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 Letter to a Young Woman Artist

Part 1

Read Think and Grow Rich (by Napoleon Hill, 1963).
Believe in yourself.
Read How to Survive and Prosper as an Artist
(by Caroll Michels, Holt, 1992).
Show up at openings of galleries you want to be in.
 Don't get sidetracked or distracted by anything in your life. Keep your focus.
Draw on anything you can all the time you can.
You need 3 things: shows, reviews and sales.
Be desperate.
Dress in a serious, professional manner.
Make lots of friends and keep their addresses.
Think what can I do to make a living at this?
Give talks, give advice and your knowledge.
 Share with other people - Don't gossip. I have overcome my shyness by focusing more on my desire to be a successful artist.
Look for people who are changing art history. Check out artists you admire. Learn from them or their example.
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Part 2

 I loved the Feminist Art Program at CalArts. I went there after two years majoring in Art and minoring in Women's Studies at Sonoma State. Mimi Schapiro was very important to me. She taught us a lot by her clear words and the example of her life. She was generous and supportive.
    At the time I was very shy - hardly talked at all. I was very naive. I thought one just got into galleries by doing the best work. I had no idea about networking or how to make a living at art.
    After five years of blowing glass in New York City, I switched back to painting. The money in glass is amazing but painting is where my heart is.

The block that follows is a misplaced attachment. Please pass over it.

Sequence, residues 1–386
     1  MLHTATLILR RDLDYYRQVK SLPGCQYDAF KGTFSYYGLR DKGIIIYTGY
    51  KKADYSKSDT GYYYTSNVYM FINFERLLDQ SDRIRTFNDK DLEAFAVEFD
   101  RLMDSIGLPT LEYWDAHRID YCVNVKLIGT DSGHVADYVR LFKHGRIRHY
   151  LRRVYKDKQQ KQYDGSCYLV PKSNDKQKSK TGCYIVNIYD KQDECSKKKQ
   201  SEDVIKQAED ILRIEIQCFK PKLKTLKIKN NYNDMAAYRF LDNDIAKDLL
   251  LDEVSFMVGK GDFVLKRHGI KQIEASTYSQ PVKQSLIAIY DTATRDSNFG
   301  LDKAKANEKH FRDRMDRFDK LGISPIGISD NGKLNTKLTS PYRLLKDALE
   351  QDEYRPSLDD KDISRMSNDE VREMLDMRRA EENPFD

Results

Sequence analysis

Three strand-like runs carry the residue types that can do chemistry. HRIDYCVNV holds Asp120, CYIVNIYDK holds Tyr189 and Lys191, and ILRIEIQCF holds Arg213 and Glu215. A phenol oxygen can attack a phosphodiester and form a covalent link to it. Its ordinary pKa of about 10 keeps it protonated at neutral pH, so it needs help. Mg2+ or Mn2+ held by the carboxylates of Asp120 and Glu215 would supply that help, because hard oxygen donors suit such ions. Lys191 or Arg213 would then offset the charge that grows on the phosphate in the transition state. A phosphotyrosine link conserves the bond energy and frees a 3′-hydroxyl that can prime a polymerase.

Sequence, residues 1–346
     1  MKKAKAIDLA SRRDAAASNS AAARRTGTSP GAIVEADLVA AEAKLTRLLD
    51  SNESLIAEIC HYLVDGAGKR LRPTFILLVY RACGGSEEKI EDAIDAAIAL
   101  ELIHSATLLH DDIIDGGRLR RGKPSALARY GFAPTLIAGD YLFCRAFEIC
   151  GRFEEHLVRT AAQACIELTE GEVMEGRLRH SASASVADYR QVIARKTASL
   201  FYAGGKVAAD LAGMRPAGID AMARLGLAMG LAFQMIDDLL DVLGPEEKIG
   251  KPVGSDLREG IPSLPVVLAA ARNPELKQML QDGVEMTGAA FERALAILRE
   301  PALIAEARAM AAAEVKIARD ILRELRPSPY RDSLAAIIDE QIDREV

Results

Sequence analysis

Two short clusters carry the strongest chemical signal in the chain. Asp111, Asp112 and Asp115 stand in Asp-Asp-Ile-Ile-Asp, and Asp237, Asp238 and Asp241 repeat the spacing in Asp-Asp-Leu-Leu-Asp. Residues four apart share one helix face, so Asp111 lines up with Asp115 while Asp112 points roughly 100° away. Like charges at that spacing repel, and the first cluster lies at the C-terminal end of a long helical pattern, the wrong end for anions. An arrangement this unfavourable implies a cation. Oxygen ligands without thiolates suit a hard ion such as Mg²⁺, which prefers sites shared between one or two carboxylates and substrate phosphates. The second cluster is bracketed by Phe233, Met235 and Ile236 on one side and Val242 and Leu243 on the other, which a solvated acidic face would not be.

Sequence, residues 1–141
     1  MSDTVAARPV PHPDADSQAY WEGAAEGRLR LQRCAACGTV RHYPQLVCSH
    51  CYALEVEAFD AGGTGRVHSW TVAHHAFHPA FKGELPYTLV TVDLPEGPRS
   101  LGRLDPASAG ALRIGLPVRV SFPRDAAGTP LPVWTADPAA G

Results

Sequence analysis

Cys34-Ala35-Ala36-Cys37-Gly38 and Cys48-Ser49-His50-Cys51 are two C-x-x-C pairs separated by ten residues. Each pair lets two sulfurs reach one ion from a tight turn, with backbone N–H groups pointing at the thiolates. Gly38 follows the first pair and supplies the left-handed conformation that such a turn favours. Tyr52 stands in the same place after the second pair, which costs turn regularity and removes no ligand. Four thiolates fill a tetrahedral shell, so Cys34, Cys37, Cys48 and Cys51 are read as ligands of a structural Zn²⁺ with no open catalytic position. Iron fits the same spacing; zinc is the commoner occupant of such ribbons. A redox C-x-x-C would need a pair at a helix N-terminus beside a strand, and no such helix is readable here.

I get flack for being a woman painter a lot. One reason l'm clear about women's issues is that I have two young daughters who paint. Our society treats woman as second class. Many times half my battle is to be clear about my goals and to ignore people that don't understand my value. That is more important than the physical (whether l'm included in this show or that.) If I have my head together eventually my work will be appreciated in the long run. I have hope.
     Even though my grandmother and mother are artists, this society encourages women to be doormats. I am not a doormat.

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    The biggest frontier we face is our brain. If we can overcome the attitudes and limitations trained into us, woman artists will be just as successful as men.

    It has been very liberating to me to do this series of paintings of Great Women of the Past. So many of them were well known artists. Its enabled me to view myself as the natural continuation of a long line of women artists.

    We must support and encourage each other. We must share our history for the sake of women and men both.

Cynthia Genn Toffey